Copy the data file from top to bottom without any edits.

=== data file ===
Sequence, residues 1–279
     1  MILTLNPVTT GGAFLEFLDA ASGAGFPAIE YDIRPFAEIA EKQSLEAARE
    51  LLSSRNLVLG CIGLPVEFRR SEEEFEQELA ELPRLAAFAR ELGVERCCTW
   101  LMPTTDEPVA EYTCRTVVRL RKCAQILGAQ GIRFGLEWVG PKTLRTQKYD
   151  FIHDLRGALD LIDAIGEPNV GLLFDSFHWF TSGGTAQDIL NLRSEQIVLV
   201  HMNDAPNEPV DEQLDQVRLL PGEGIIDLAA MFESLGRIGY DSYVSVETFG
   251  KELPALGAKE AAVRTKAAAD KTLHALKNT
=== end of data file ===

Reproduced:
Sequence, residues 1–279
     1  MILTLNPVTT GGAFLEFLDA ASGAGFPAIE YDIRPFAEIA EKQSLEAARE
    51  LLSSRNLVLG CIGLPVEFRR SEEEFEQELA ELPRLAAFAR ELGVERCCTW
   101  LMPTTDEPVA EYTCRTVVRL RKCAQILGAQ GIRFGLEWVG PKTLRTQKYD
   151  FIHDLRGALD LIDAIGEPNV GLLFDSFHWF TSGGTAQDIL NLRSEQIVLV
   201  HMNDAPNEPV DEQLDQVRLL PGEGIIDLAA MFESLGRIGY DSYVSVETFG
   251  KELPALGAKE AAVRTKAAAD KTLHALKNT